Nancy Doubleday, Associate Professor, School of Interactive Games and Media, Rochester Institute of Technology
Adam Smith, Assistant Professor in the New Media Design and Imaging program at Rochester Institute of Technology
What happens when you ask the future workers of tomorrow what they think work will be like in 10 – 15 years from now?
Xerox did just that, and the answers they got were intriquing and creative especially when predicting how we will interact with content, peers and devices. The assignment handed to RIT students asked them to research, explore, design and develop interactive prototypes, working models and applications for the workplace of 2020.
The students weren’t just asked to create for the classroom. Instead, they were given an inside look into the perspectives and processes of the corporate environment. That provided a new and different perspective from what they deal with day to day in the classroom.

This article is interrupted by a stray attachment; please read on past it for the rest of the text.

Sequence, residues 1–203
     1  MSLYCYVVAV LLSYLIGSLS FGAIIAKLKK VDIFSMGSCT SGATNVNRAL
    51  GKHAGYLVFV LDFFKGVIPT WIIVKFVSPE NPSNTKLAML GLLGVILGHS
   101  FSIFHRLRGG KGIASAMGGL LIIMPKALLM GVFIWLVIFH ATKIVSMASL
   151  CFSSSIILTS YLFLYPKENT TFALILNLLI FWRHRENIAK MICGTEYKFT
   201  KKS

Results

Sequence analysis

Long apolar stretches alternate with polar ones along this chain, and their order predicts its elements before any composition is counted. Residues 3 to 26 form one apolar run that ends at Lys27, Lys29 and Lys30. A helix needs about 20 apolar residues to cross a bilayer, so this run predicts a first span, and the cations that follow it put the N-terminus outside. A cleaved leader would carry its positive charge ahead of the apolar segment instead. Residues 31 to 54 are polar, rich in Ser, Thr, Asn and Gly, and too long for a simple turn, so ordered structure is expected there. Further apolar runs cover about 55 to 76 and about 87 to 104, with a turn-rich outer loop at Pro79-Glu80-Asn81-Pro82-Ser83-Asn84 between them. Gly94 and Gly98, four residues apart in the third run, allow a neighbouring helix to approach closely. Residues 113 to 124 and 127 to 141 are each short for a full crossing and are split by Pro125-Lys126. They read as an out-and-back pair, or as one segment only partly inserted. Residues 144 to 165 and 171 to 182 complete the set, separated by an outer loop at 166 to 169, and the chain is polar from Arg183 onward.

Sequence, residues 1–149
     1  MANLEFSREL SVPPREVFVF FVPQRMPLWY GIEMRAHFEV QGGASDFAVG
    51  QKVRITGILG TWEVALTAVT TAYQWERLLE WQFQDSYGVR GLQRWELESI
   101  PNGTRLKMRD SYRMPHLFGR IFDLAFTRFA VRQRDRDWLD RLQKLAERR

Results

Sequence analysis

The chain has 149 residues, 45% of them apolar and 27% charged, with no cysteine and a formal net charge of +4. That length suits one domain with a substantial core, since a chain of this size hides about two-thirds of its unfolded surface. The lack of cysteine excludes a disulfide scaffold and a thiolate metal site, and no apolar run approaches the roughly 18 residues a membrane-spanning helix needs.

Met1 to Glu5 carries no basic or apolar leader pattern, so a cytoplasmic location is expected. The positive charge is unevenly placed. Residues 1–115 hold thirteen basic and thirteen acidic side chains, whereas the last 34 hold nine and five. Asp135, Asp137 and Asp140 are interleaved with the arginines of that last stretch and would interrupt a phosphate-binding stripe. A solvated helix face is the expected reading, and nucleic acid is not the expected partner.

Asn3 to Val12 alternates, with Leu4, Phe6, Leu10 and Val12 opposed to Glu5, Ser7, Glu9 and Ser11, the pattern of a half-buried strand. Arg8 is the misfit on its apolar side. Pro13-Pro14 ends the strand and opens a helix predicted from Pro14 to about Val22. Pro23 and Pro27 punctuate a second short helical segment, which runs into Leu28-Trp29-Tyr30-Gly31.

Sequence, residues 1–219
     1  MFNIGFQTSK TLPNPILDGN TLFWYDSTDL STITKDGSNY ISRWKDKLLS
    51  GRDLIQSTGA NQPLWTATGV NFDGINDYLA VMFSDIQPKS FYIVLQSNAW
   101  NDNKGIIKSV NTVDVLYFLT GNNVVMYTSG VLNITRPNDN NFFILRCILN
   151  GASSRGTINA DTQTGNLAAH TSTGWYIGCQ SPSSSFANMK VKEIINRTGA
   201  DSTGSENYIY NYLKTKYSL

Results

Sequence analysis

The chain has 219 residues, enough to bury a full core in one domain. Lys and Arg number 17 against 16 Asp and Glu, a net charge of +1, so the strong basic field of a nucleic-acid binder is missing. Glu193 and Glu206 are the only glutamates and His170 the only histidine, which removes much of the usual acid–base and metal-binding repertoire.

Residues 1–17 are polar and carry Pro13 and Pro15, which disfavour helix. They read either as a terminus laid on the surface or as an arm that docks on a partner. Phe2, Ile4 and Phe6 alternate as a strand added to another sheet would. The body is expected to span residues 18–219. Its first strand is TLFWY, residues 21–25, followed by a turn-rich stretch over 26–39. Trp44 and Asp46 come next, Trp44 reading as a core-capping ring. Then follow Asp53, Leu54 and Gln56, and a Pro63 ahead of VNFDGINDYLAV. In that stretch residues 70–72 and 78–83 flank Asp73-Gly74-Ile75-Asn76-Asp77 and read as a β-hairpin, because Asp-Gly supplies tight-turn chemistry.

It was a broad challenge: envision the workplace of the future. Students were encouraged to focus on specific aspects and create specific prototype solutions. They had to adapt their results to hold up against the concerns and questions raised by Xerox researchers and scientists, whose rich feedback encouraged them to focus on the audience and end user at every step of the project. As a result, field research, scenario creation and usability testing became extremely important aspects of the project.
The students came back with some pretty visionary solutions. And in return, Xerox was given a peek into the possible future of the workplace through the eyes of RIT new-media students. This collaboration between Xerox and undergraduate students created a great environment that fostered research and creativity while leveraging the imagination and production skills of dedicated students.
You can take a virtual tour of many of the projects and also check out descriptions of the projects here. Learn more about Xerox lab project on the Future of Work: http://www.xerox.com/innovation/news-stories/futureofwork/enus.html